15. The SBS-3 has 6 connectors:  SMA for 1090 MHz antenna, SMA for SDR antenna, 3.5mm audio out, RJ45 Ethernet, USB, RS-232 for I2C bus.

16. There's supposed to be a published API (Application Programming Interface) but I haven't found one yet.

The Aviation Interest

So standing back, what does the SBS-3 offer the aviation enthusiast?  I've deliberately avoided any of the AIS related issues, of which there appear to be a few!

Well it's a Mode-S 1090 MHz receiver for a start.  Some early reports suggest the SBS-3 is more sensitive than the SBS-1 but I'd like to see a comparative test.

UAT decoder.  That could be of particular interest to North American users but I've not found any further information since Goodman's forum post in November 2011.

The two SDR could be of interest to those wanting to listen to VHF and UHF airband transmissions and decode ACARS transmissions.  I've seen good reports about the quality of these SDRs whereas the SBS-1eR didn't get ecstatic reviews.

Digital audio streaming will be useful when the SBS-3 is some distance away from the PC.  One of the advantages of the SBS-1e/eR was the Ethernet connectivity which most other receivers don't support.

"Client or Server for true stand-alone use".  Sounds interesting but how stand-alone is it in reality? 

The SBS-3 ships with Basestation Version 164.  The previous release for the SBS-1 was Version 161.  I've not seen Version 164 (it's not available from the Kinetic eStore) so have no idea if there is new functionality (other than controlling the SDRs) but nothing I've read suggests there is.  But will future releases of Basestation be compatible with the SBS-1 models?

Raw data output for Mode-S.  I know this will appeal to those wanting to track non-Mode-S traffic, especially as PlanePlotter's Beamfinder Plus wasn't supported by the SBS-1.  But reports suggest that nothing's changed and only Beamfinder is currently supported.

User Feedback

I decided to check out the forum feedback from early SBS-3 customers.  It was quite illuminating.

First reports suggest the SBS-3 was released without adequate testing and sparse documentation.  To the best of my knowledge the existing Beta team was not invited to carry out any pre-launch testing.

The digital audio streaming only appears to work on the SDR left channel.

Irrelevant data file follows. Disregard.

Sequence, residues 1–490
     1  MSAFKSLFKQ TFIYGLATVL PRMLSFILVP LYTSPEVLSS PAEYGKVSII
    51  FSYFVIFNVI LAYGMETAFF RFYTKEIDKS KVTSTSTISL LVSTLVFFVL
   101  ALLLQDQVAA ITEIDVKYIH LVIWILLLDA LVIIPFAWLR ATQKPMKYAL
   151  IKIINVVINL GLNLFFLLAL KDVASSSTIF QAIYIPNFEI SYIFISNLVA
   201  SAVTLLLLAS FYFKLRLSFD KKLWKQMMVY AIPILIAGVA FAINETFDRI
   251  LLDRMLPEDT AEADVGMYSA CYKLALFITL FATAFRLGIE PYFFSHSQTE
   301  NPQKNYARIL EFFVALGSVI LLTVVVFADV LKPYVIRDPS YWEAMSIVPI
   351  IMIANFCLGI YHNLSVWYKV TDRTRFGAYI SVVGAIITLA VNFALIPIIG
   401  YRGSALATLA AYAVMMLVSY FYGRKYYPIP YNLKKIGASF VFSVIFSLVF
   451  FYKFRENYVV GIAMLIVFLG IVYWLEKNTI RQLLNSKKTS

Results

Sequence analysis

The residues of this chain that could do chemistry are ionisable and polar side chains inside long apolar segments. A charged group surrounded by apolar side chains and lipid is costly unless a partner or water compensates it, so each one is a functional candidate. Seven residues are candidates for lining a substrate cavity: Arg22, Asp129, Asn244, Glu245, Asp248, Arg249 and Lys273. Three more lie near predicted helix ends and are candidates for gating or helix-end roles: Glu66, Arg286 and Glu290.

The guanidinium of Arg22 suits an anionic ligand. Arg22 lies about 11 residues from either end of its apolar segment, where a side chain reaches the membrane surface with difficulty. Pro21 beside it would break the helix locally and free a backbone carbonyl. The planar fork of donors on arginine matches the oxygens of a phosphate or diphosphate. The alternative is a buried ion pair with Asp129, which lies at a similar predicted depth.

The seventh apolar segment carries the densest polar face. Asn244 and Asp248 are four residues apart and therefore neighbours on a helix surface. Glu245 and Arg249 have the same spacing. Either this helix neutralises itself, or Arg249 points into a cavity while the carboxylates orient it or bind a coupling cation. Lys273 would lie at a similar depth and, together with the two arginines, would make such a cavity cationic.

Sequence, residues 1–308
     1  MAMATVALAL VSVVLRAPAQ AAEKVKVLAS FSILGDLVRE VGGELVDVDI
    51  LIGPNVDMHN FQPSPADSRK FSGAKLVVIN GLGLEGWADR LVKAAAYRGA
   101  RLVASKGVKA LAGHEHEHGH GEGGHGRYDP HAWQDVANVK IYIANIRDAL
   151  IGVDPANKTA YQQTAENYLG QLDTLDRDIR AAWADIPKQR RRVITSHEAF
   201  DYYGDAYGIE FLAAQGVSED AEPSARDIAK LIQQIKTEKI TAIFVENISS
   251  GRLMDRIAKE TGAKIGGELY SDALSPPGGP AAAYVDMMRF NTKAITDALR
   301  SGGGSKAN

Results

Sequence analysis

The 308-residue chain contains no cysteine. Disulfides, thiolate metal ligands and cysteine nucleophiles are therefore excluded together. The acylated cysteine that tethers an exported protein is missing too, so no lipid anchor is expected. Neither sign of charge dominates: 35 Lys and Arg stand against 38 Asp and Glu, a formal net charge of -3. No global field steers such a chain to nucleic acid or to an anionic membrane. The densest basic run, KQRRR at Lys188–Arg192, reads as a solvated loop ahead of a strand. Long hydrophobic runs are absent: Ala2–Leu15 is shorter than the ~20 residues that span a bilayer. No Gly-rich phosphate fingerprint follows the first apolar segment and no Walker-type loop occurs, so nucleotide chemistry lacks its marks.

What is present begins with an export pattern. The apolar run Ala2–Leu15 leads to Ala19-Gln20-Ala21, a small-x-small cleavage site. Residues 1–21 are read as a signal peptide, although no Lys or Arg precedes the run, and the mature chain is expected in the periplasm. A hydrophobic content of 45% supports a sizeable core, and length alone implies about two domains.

Tuning the SDRs (there is no scanning feature) can only be accomplished via Basestation.  Closing Basestation purges the set frequencies.  So much for a "true stand-alone" receiver. 

The SDRs do not store any frequencies, nor do they work with the Basestation frequency list.

Raw binary data is available on port 30006.  Port 30003 data is only available via Basestation.  Port 10001 is encrypted data.

It appears that the SBS-3 Ethernet connection will only support one connection at a time, in much the same way as the SBS-1.  Consequently PlanePlotter cannot make use of the SDR output and port 30006 data at the same time.

One useful addition is the ability to set the SBS-1 IP address and ports via Basestation rather than directly via a browser.  This can be done when connected to the SBS-3 via Ethernet or USB but not without starting Basestation.

Would I Buy One?

This is my personal opinion, formed without the benefit of seeing an SBS-3 "in action".  But it's all I have to go on, especially since Kinetic has avoided all questions posted on it's own forum since the SBS-3 was released.  I find this silence worrying.

That aside, would I buy one?

If I didn't have a Mode-S receiver and my primary interest is to track Mode-S aircraft, the answer is "Yes".  It's competitively priced, includes Ethernet connectivity and two SDRs.  The Basestation software is well established and offers lots of customisation.  Kinetic's reputation is good and the SBS-1 model range was a quality receiver. 

Whilst there are other products on the market, only the Beast offers the extra capability to support PlanePlotter's Beamfinder Plus though, for me, this is a marginal benefit.

The promotional blurb mentions lots of new features which don't appear to have made it through the door for this initial release, such as the dedicated AIS receiver which would have offered strong competition for AirNav's new ShipTrax.